MarketWatch's Bambi Francisco resigns

Veteran business reporter steps down after her ties to start-up raise questions about conflicts of interest.
Written by Greg Sandoval, Contributor
Dow Jones on Friday accepted the resignation of MarketWatch columnist Bambi Francisco, according to a brief statement released by the company.

The move follows a CNET News.com story from Thursday that raised questions about Francisco's stake in start-up Vator.tv and her business relationship with one of the company's backers, Peter Thiel, the PayPal co-founder who is now a venture capitalist.

Bambi Francisco
Bambi Francisco

Dow Jones forbids employees from investing in companies and industries they write about, according to a Friday report about Francisco in The Wall Street Journal, which like MarketWatch, is also owned by Dow Jones. Most news organizations enforce similar rules to prevent reporters from becoming compromised by conflicts of interest.

"Dow Jones demands the highest journalism standards at our own publications and services, as reflected by our strict code of conduct," said L. Gordon Crovitz, executive vice president of Dow Jones, in a statement. "Our MarketWatch reporter Bambi Francisco started Vator.tv on her own time with our approval, under certain guidelines, on permitted areas of coverage. Bambi has decided to pursue her enterprise full time."

Francisco, a 15-year business reporter who writes columns, news stories and blogs, and files video reports for MarketWatch, filed what Dow Jones called her final MarketWatch column on Friday afternoon. Francisco wrote that she founded Vator, which intends to become a matchmaker for other start-ups and venture capitalists, to help her "vet start-ups' pitches and to give exposure to those I'd invariably overlook as a columnist."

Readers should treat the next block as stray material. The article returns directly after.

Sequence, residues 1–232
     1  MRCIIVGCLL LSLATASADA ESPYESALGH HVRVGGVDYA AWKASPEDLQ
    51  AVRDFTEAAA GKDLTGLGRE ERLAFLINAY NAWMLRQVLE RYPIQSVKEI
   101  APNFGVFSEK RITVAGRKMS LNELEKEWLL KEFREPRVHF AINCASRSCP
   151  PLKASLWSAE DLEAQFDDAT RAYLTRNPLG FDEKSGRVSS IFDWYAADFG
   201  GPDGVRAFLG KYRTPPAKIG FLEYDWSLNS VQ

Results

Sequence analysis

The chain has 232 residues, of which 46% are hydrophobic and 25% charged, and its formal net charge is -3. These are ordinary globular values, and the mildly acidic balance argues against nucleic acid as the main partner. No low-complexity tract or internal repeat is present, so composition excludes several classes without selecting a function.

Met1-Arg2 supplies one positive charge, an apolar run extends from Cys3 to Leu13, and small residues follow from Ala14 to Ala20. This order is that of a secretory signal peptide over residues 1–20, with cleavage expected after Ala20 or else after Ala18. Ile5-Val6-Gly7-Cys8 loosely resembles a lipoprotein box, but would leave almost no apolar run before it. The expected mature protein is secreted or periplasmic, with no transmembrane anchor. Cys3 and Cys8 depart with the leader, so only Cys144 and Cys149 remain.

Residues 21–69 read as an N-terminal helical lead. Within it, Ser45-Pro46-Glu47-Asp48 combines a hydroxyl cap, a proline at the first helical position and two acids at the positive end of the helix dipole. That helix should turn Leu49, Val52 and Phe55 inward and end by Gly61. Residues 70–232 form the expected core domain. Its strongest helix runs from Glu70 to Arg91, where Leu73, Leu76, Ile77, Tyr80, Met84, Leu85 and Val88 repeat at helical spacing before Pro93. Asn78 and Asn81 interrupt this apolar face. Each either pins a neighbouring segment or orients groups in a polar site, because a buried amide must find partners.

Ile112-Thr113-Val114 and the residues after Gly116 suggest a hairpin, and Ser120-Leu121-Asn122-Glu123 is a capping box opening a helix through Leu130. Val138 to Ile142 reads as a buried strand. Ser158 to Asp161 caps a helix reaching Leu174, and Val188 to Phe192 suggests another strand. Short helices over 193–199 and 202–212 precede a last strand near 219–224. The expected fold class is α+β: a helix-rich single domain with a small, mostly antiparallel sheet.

"I mentioned the idea to Peter Thiel, co-founder of PayPal and manager of the $2 billion hedge fund Clarium Capital," Francisco wrote. "Peter saw value in such a vetting mechanism, and he asked if he could invest. I told Peter that it was just an experiment at the time. But if the platform reached 50 videos, then perhaps it was worth investing in. Peter currently owns less than 5 percent."

Francisco's depiction in the column Friday of how Vator.tv got its start differs from what she said in three earlier interviews with CNET News.com. In the earlier interviews, Francisco said she received a stake in Vator.tv from Thiel last September without having to invest any of her own money, and that she never wrote about companies that used her start-up's service.

MarketWatch Editor-in-Chief David Callaway, in a separate interview, said Francisco came to him with the idea and he OK'd it, but she was required to avoid writing about Vator.tv or any of the companies using the service. Callaway also said she was to avoid writing about Thiel's interests. Callaway did not immediately return a call for comment Friday afternoon.

But since September, Francisco wrote pieces about three companies that used Vator.tv: PreFound; Helio and Friendster, according to the Journal article. News.com reported that, since becoming a Vator stakeholder, she had also written stories about three companies with financial ties to Thiel: LinkedIn; Powerset and Facebook.

In a Friday interview several hours before her final column was published, Francisco reiterated that she believed she had done nothing wrong.

"I've complied with all the codes of conduct," she said.

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